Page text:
The planned route (Click to enlarge)

Monday, April 20, 2009

An American Welcome

It's only been 5 days since waving goodbye to the warm hospitality of Charley and Kamala, and although we already have chafed bottoms, chapped lips and ridiculous tan lines we are still smiling 300 miles down the road.

We knew it would be tough going, especially as when we set off there was an extreme weather warning of high winds and minimal humidity, but I don't think we could have pictured the sheer scale of where we were riding. Nothing could have prepared us for riding 60 miles with only a handful of corners and no water and food stops. After battling into 40mph winds for 4 hours or so we arrived parched and knackered at Big 8 foods, collapsed on a bench in the first bit of shade we'd seen all day and made some sarnies. Then we met 'Hank' (we never actually learnt his name). Without a word from us he walked up and launched into the most brilliant introduction to American weirdness we could have hoped for. As I rubbed thickly encrusted salt from my wind and sun battered face he embarked on an unbroken monologue starting with his ice driving exploits of the last 10 years. From then on it just got better...

Seeing we had a bike he told us how he was going to be sent to the '72 Olympics to cycle for the U.S. if his coach at high school hadn't messed up the forms. He was a dead cert for a medal because '[he] could cycle at 50mph'. But 50mph wasn't his top speed, no sir, and if you're thinking that was downhill think again. His top speed was when he raced his friend in a car for 2.5 miles on the flat and overtook the car even though it was doing 65 mph. We just sat there nodding not quite sure what to say. We needn't have worried, he just kept talking as we ate. Luckily he didn't kill himself on that 65mph run although he did wear right through the sole of his best cowboy boots trying to stop. But that wasn't all he had... As if we may have written him off as merely a cyclist, he continued to elaborate on the strength of his upper body.

He was once in the gym with a father who was coaching his son to be in Mr. Universe that year. This guy was apparently doing reps with 300lb dumbells. Hank's friend saw this and egged Hank on to lift some more, knowing that Hank 'was rangy, but all steel'. Hank couldn't resist. He cooly walks up, adds another 200lbs and does 5 reps, naturally with only one arm, and then 3 above his head just to show what he could do. We were lapping up the stories silently and about 30 minutes in he just kept going. By the time our allotted hour's story time was up he had just finished with him being in knife fights at school, but kicking the knife away with a roundhouse kick, and how he was also a pro swimmer for a time, but just drives trucks to pay the bills. Then as soon as it started it was over. He got a can of coke from the machine and walked off to his truck. Hol and I just sat there before bursting into hysterics. We then stopped soon after just in case he came back and roundhoused us into tomorrow.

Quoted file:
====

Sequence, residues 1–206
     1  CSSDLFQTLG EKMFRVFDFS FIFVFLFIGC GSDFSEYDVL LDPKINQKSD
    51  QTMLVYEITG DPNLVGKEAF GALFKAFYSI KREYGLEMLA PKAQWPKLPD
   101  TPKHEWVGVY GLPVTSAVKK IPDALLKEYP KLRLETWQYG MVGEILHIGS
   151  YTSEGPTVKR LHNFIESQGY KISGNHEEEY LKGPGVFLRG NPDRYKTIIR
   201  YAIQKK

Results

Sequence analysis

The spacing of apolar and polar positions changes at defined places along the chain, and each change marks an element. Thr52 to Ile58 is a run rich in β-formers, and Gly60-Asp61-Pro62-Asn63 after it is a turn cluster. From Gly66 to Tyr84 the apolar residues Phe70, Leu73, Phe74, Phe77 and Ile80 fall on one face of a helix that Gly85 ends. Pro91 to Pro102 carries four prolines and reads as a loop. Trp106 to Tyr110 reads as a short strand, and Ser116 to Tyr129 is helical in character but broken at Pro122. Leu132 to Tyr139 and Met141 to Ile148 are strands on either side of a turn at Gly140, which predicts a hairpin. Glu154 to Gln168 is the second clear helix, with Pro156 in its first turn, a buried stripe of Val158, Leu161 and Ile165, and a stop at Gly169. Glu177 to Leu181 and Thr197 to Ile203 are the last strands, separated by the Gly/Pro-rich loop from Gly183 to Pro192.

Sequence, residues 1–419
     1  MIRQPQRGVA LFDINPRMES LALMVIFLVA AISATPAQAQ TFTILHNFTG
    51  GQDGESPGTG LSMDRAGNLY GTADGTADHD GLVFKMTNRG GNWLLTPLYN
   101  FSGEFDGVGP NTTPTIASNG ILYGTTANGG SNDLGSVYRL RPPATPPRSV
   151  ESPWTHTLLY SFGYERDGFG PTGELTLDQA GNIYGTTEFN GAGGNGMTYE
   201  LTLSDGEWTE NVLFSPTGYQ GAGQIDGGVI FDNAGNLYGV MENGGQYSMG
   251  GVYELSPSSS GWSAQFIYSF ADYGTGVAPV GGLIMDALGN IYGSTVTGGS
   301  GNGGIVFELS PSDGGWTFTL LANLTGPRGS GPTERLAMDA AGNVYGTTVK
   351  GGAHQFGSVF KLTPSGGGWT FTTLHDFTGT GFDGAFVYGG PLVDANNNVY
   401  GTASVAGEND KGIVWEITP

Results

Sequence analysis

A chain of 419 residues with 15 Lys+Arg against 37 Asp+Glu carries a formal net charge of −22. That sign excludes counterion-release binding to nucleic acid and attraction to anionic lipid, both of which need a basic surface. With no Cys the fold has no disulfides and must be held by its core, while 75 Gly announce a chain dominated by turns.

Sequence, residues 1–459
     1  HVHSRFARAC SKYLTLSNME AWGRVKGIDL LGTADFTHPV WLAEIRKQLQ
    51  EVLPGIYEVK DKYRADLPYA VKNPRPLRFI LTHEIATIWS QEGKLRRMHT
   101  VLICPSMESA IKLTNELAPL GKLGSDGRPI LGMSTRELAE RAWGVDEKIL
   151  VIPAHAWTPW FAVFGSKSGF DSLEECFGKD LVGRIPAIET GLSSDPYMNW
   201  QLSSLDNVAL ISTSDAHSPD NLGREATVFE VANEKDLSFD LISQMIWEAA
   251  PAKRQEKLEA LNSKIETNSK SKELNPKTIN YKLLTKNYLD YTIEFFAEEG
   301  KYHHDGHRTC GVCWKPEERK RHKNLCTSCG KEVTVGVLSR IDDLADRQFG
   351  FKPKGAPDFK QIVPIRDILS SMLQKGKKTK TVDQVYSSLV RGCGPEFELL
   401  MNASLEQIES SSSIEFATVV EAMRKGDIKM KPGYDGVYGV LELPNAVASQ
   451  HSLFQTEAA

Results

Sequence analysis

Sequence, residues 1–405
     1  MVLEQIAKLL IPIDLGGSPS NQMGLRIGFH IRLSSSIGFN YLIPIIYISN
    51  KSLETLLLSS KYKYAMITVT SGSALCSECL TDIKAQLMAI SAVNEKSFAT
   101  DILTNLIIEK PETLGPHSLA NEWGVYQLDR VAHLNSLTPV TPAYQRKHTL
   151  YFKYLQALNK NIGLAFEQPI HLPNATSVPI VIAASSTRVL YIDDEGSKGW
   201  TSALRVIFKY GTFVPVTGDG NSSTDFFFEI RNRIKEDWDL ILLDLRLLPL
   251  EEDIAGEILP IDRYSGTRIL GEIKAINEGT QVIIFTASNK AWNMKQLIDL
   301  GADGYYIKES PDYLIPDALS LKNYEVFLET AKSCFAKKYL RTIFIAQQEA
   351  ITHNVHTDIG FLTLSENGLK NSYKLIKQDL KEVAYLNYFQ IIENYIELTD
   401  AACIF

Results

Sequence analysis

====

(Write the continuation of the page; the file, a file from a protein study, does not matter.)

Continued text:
We thought this may have just been a one off, but people out here have been the stars so far. The next day an extraordinarily camp Mexican American we'll call 'Philipe', stood up and flamboyantly announced to the diner we were sat in, 'on behalf of everyone in my country, I want to thank you guys [the British] for the Beatles, and also an absolute ANGEL... called Lady Di. Now you folks have a nice day'. And we did; even if it was a little weird when 9 miles down the road he pops out from his car with his flies undone and tells us we just have to go the hot springs in Truth or Consequences.

There have been countless more brilliant moments already. There was the lady who runs the 'Grocery Cupboard' in Radium Springs who 'just melts away when she listens to [our] accents' and Bill the lonely RV park owner who is 'just damn worried about them Iranians'. The size of everything out here is mind blowing from supermarkets to trucks, desert to junk yards, trains to RVs and sodas to pancakes. The speed with which we are climbing up the map seems non-existent but for now we're just taking each canyon as it comes. 2,500 miles left to go and who knows where the next Hank is. We can't wait.

1 comment:

Seth Allan Ames said...

Welcome to the Superlative American Experience! We don't use words like "average", pretty good" or "decent" We use THE BEST, THE FASTEST, THE TALLEST. In fact, it has been proven that the older americans get, the better we used to be......... And futhermore, I say "americans" to blatantly disregard all other nations in this hemisphere. Because like calling "shotgun" to get the front seat, we called ourselves "Americans" before anyone else, so have the naming rights. :)